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Lee Pro 1000, any good?

floorguy24floorguy24 Member Posts: 1,343 ✭✭✭✭✭
I'm looking into reloading 44 Special pistol loads on a regular basis for my own use.

I have no reloading experience at all and have 2 questions;

1) Is the Lee Pro 1000 a good product to learn on?

2) Is the Lee Pro 1000 a good reliable tool for the long haul?

Any input would be greatly appreciated.

Comments

  • gknaka2gknaka2 Member Posts: 461 ✭✭✭
    edited November -1
    Start on a single stage to learn the basics and get the true "feel" of reloading so you master AND UNDERSTAND each step. There is no reason to start on a progressive not knowing how many rounds you will load.

    Later you will probably want a turret press, but many people keep their original single stage for the decap/sizing stage or whatever. If you decide on a turret, Lee makes a good 4-hole for not that much.

    If you are going progressive, the Dillon 550 is very hard to beat. I personally would not get the Lee 1000 as I have heard many people complain about them. Many have found the 1000 over complicated with very poor instructions which would be disastrous for someone just entering the hobby. However, do your research first before making your own conclusions. Lee makes things simple and cheap. I think the 1000 may be an example of a simple company trying to be too fancy. That being said, I do not have one so I have to recommend either the Dillon or Hornady, which seem to be staples.

    I started with a Lee single stage (they sell them new for $30) and reloaded on it for about 10 years.

    I now use a Dillon 550. I am probably one of the few that has a Lee Pro Auto Disk mounted to it instead of the Dillon measure. Just preference. You will see many people favor different setups.

    Good luck and welcome to the hobby...it will consume you.
  • PearywPearyw Member Posts: 3,699
    edited November -1
    I have a Lee 1000 and it is junk.
  • geeguygeeguy Member Posts: 1,047
    edited November -1
    Good to learn on? No!

    As stated above, single stage or turret press (you only need to set the dyes once on a turret). The progressives can get quite frustrating for even experienced loaders when "something" goes wrong.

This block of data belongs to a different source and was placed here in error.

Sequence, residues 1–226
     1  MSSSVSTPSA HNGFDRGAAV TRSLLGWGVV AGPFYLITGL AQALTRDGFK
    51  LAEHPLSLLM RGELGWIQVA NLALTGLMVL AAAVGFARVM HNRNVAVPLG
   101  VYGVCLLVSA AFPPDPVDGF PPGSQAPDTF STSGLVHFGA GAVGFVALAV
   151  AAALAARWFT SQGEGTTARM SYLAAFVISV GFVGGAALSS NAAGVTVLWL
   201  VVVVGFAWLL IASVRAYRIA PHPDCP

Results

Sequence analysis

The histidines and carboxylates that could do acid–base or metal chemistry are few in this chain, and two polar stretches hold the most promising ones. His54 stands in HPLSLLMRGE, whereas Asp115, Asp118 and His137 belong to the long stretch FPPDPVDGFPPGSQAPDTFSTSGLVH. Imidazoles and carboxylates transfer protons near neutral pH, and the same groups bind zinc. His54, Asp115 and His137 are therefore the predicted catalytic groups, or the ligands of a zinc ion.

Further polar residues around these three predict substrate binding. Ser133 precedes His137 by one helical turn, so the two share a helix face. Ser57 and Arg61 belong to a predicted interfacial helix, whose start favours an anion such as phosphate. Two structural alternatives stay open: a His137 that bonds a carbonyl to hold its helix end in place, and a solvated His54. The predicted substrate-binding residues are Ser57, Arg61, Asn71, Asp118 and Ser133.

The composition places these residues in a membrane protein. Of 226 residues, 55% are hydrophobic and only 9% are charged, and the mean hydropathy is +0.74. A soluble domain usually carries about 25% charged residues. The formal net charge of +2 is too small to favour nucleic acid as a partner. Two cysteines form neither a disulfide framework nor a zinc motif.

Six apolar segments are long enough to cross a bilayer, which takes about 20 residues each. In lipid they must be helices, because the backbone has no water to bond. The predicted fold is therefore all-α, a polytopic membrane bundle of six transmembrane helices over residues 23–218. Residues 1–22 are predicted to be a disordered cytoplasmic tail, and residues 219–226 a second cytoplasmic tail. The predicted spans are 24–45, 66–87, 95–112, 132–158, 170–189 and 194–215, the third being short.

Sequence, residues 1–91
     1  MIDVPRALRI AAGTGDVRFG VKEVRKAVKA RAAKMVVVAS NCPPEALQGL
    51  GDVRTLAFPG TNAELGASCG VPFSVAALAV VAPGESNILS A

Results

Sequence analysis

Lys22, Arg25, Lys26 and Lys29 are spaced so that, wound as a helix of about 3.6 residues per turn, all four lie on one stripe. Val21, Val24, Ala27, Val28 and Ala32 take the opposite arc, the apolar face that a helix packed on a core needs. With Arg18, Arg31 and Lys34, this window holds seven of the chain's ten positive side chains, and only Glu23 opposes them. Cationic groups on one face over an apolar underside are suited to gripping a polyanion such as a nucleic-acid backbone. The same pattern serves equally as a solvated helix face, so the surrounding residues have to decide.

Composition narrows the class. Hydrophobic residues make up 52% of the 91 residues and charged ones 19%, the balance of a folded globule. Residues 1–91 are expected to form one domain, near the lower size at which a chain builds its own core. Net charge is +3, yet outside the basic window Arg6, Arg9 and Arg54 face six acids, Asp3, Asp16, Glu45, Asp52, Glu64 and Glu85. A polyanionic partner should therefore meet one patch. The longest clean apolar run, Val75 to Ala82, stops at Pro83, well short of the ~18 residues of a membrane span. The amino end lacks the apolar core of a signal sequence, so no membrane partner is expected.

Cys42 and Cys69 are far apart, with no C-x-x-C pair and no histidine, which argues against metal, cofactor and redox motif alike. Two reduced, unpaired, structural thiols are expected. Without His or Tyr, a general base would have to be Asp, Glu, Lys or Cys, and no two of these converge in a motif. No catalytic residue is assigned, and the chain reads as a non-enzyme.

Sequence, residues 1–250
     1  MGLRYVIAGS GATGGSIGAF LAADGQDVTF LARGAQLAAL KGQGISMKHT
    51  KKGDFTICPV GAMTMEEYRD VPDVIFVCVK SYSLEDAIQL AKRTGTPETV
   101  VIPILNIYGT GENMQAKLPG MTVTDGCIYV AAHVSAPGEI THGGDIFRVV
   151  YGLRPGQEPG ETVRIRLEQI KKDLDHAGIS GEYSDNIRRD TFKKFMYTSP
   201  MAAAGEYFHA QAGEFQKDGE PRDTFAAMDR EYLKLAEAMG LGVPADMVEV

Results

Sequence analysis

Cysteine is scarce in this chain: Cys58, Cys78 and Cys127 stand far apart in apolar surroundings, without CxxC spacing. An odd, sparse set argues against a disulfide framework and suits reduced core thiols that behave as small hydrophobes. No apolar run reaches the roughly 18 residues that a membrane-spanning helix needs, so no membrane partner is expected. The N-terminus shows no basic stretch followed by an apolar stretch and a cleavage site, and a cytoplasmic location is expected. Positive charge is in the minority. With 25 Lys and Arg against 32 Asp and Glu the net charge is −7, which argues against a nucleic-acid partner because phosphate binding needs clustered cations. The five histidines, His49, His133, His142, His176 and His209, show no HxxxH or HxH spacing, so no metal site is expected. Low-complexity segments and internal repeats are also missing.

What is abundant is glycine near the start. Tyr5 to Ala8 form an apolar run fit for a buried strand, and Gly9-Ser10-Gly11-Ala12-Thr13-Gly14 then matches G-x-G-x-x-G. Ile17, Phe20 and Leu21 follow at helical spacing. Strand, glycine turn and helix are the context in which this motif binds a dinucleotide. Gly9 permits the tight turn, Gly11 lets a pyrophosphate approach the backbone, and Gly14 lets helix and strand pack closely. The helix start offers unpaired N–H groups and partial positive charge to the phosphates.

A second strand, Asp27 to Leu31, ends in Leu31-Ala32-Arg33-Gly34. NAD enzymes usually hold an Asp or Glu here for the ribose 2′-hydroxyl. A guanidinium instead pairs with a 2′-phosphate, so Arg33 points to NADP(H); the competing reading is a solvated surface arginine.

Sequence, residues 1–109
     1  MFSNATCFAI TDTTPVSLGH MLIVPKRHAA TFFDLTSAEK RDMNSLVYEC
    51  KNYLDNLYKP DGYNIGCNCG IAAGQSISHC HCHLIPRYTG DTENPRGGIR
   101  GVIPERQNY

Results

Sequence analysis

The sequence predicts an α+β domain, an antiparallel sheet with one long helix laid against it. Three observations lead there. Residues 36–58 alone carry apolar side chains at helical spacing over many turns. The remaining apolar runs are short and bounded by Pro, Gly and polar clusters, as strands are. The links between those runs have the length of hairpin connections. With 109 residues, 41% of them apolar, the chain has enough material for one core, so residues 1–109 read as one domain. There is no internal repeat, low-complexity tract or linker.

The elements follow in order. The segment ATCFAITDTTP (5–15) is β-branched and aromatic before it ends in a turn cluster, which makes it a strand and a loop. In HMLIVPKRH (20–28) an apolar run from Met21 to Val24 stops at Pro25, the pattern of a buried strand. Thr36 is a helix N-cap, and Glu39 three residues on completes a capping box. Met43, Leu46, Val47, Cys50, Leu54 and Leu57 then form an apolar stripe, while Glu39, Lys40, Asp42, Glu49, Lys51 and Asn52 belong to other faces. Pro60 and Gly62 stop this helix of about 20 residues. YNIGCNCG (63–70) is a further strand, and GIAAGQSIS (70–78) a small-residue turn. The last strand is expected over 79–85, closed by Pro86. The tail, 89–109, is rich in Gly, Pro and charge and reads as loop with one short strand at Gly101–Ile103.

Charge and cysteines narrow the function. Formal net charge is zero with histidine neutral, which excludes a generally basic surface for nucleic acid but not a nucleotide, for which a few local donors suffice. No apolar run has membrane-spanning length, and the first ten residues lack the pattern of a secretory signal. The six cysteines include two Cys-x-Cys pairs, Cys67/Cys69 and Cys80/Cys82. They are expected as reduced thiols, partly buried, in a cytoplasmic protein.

Long term quality issues?

    The Lee 1000 is really an inexpensive method for a progressive machine. Can make ammo as good as any other machine. BUT, will not hold up if you are loading many rounds over many years. To light of metal and to many wear points for the plastic parts (I am in the plastic business, so while I love plastics, the types used in that machine do wear out a little faster then I would like)

    Almost all of the shooters I know that started with a Lee press changed over to Dillon within a few years. And to be fair, the Lee was an inexpensive method to start out with, then they found out what they really wanted. They may not have started to reload if they needed to buy an expensive machine to find out if they liked it.

    If you are only loading .44 pistol, you may wish to consider a Dillon Square Deal, which used is about the same price as a new Lee.

    Best of luck
  • rongrong Member Posts: 8,459
    edited November -1
    Bought one sent it back for
    another-got another and that ended
    beeing sent back----CRAPPY!
  • dcs shootersdcs shooters Member Posts: 10,969
    edited November -1
    The Lee Pro 1000 I had cost me a custom 1911 barrel [xx(][:(!]
    Also the primer feed is JUNK, you will have to keep tapping it to feed [B)]
    If you are going to load only pistol rounds, look into a Dillon Square Deal-B. That's what I went to. No problems in about 10,000 rds. loaded. Plus they have a no BS warrenty. Something breaks or wears out, it gets replaced at NO cost [;)]
  • jonkjonk Member Posts: 10,121
    edited November -1
    It's a cantankerous thing. I wouldn't say total junk, I use mine quite a bit, and it is much faster than single stage presses.

    It's issues: Unreliable primer feed, powder dispensing system can fail to charge one case and double charge the next with flake powders in light loads (like Red Dot), unreliable case feeding, unreliable primer sensing arm, insufficient angle on discharge ramp to let loaded round slide out....... and probably some others.

    Pros: It's cheap, and if you are very careful and methodical, it DOES work and will produce decent ammo.

    However, it is not something for a newbie or those easily frustrated.

    I think mine is worth the $100 I paid for it (new old stock in a gun store) but would never say it's great.
  • bpostbpost Member Posts: 31,002 ✭✭✭✭
    edited November -1
    Buy a Dillon, cry once.
  • floorguy24floorguy24 Member Posts: 1,343 ✭✭✭✭✭
    edited November -1
    Wow, thanks for all the replies.

    Looks like I'm going single stage, not the Lee Pro 1000.

    I'll look into the single stage a bit more and post questions on that route soon.


    Thanks Again

    [;)]
  • BGHillbillyBGHillbilly Member Posts: 1,927 ✭✭✭✭✭
    edited November -1
    Best way I found to use the 1000 is to use it like a single stage and make use of the case feeder.

    Use with only the sizer die in place and deprime every thing.
    Use a hand primer to prime everything.
    Remove sizing die, install expander and seat die and finish things out.
    Best to have two turrents for caliber and carbide dies so lube is not present to clog things up.
  • haroldchrismeyerharoldchrismeyer Member Posts: 2,213 ✭✭✭✭✭
    edited November -1
    The Pro 100 is an acceptable piece of machinery, but as stated, isn't that easy to use. If used properly, you can load 300 rounds per hour. The primer feed takes a lot of getting used to, and until you get used to it, it will make life miserable. The powder measure that comes with it goes in the trash, and you buy the upgraded one. Even then you have to use a powder that works good in the measure. I found Win 231 to be the best. As far as wearing out, if kept lubricated, on straight wall cases, it will last almost forever.